“Youth hold so much power,” Gmerek said, “just being able to feel the effect we have when we organize and really put our voices at the front.”
She said members of United Student Leaders also reached out to local youth about the project, in search of interested families.
‘They’re kind of magic’
Despite their name, heat pumps can heat and cool a space.
“They’re kind of magic,” said David Gray, president of Island Ductless Heat Pumps, a heat pump installer for Kicking Gas.
Heat pumps release or capture energy through refrigerants, which travel between an indoor and outdoor unit, allowing heat to be pumped into or out of a home, Gray explained.
A common misconception among residents, Gray said, is that their heat pumps won’t function in cold weather.
Residents in colder regions may need another heat source. But because temperatures don’t often go into the negatives at sea level in the Pacific Northwest, homes don’t need backup heat.
Ductless heat pumps also improve air quality because they have built-in filters, Gray said. Premium heat pump systems can last 20 years, but cleaning and maintaining filters are essential to maximize the heat pump’s life, he said.
‘A community of people’
Jim and Chris Hall were the 100th clients for Kicking Gas, helping campaign leaders reach their projected goal.
The couple had moved to Whidbey Island from Alaska and were excited to heat their new home with 2 cords of wood, as opposed to six or eight.
“That felt environmentally friendly,” Chris Hall said.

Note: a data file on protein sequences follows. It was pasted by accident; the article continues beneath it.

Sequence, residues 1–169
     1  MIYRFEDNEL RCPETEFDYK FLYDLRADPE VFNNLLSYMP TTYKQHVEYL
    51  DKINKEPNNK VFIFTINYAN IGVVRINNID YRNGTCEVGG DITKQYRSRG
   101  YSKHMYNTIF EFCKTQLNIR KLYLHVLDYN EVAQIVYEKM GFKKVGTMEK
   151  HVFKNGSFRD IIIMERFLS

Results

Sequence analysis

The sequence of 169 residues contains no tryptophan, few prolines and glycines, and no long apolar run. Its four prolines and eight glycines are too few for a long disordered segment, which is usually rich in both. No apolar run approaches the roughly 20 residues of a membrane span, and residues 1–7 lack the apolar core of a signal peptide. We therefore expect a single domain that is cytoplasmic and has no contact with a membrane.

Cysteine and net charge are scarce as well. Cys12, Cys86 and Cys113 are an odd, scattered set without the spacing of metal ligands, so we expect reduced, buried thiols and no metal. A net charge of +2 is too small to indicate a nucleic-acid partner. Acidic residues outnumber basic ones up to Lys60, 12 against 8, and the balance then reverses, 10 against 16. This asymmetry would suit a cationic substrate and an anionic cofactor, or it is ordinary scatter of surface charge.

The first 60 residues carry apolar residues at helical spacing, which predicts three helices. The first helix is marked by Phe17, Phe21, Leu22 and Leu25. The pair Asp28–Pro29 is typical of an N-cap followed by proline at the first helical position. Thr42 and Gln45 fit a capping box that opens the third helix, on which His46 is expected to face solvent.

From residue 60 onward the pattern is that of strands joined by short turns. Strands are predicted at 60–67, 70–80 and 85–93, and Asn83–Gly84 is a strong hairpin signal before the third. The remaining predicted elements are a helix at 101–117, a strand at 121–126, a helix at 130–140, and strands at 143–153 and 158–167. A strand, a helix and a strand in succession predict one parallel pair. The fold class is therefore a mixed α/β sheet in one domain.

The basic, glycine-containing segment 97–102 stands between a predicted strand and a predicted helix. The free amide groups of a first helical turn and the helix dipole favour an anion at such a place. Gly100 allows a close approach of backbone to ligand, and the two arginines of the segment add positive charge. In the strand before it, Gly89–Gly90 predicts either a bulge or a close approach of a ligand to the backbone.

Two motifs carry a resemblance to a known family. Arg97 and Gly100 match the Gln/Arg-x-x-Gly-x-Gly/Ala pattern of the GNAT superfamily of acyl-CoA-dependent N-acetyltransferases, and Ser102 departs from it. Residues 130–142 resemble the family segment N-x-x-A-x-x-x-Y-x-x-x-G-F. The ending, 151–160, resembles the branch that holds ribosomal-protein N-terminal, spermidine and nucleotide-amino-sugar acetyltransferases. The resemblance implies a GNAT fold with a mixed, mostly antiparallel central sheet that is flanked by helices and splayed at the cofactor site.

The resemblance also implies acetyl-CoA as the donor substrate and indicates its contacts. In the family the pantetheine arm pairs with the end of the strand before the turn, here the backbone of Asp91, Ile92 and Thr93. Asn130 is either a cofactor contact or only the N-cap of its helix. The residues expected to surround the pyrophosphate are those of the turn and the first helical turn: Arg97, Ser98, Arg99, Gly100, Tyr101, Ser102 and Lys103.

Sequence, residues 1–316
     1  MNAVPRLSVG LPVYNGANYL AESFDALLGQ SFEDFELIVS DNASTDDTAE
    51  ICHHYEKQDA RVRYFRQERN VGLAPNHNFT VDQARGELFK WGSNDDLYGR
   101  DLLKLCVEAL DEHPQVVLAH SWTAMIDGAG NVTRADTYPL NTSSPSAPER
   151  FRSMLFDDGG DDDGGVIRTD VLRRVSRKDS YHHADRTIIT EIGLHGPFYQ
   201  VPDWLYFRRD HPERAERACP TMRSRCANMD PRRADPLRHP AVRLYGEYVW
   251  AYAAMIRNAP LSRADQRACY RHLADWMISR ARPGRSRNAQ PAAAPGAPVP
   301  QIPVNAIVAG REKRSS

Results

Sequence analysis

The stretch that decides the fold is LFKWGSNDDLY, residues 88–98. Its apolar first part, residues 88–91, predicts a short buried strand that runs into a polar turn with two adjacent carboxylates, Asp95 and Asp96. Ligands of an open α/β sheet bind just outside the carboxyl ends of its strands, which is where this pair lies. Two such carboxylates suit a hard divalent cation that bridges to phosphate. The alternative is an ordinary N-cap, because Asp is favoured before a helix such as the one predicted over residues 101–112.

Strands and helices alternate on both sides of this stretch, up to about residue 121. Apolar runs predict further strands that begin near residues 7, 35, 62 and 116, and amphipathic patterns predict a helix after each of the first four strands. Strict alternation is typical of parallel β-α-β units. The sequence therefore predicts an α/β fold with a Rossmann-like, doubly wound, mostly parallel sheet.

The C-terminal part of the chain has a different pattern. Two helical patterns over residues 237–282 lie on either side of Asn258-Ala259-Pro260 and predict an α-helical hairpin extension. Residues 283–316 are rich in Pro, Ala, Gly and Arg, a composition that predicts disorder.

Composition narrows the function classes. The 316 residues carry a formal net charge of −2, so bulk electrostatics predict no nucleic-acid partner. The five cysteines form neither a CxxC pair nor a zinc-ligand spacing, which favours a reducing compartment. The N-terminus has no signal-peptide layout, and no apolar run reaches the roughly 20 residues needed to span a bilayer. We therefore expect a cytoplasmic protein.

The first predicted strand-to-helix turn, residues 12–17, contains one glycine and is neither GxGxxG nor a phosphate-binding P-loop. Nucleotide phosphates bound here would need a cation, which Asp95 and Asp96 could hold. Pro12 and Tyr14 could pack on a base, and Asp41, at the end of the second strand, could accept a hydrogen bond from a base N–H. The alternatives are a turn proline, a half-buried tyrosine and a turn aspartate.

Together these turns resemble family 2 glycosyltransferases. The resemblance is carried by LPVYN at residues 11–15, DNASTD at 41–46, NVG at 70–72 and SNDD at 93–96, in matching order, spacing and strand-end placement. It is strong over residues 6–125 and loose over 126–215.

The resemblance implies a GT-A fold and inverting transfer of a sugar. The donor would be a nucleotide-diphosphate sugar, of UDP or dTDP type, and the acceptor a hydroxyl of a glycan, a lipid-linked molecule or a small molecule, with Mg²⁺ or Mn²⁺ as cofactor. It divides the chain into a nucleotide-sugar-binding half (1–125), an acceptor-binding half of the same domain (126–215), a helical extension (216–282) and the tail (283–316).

But upon learning about the dangers of smoke pollution, Chris Hall said they started looking at heat pumps.
About six years ago, they had one installed in a woodworking shop, a short walk from the main house. They didn’t have air conditioning because they were accustomed to not needing it in Alaska. But during especially hot summers in recent years, Jim Hall would take naps in his shop: It was the coolest place he could find.
“If it was only heat we were worried about, we’d probably get by with the wood stove,” Chris Hall said. “But with the climate shifting toward hotter and hotter summers, it just became more and more obvious that we needed some solution that cooled as well.”
They thought installing a heat pump in their home would be too expensive. Then a friend told them about Kicking Gas.
“There was a community of people that were doing it all at once,” Chris Hall said.
The ‘all-electric’ home
In July, a year after they applied for their first grant, Kicking Gas leaders applied for another round of funding from Washington State University, seeking to install heat pumps in another 100 homes on Whidbey Island.
They also want to encourage residents to convert to “all-electric” homes, with hybrid hot water heaters and induction stoves. The campaign hopes to partner with installers by next year.
Hoshiko said Kicking Gas plans to continue working with the Sno-Isle Sierra Club to pilot a heat pump program in Snohomish County. Hoshiko said they hope to identify a “community” within the county to team up with.
When clients inquire whether electric heat sources are better for the environment, Hoshiko said he and other campaign leaders explain the electricity on Whidbey Island via Puget Sound Energy isn’t exactly “clean.”
About 50% of the company’s electricity comes from coal and natural gas. The 2019 Clean Energy Transformation Act requires Washington to commit to clean electricity by 2045. Hoshiko and campaign leaders tell clients their efforts with installing heat pumps are a part of a larger climate strategy that will keep improving in the future.
“We have the policy we need to clean the grid,” Hoshiko said. “What they’re doing to electrify their homes is an important part of the equation.”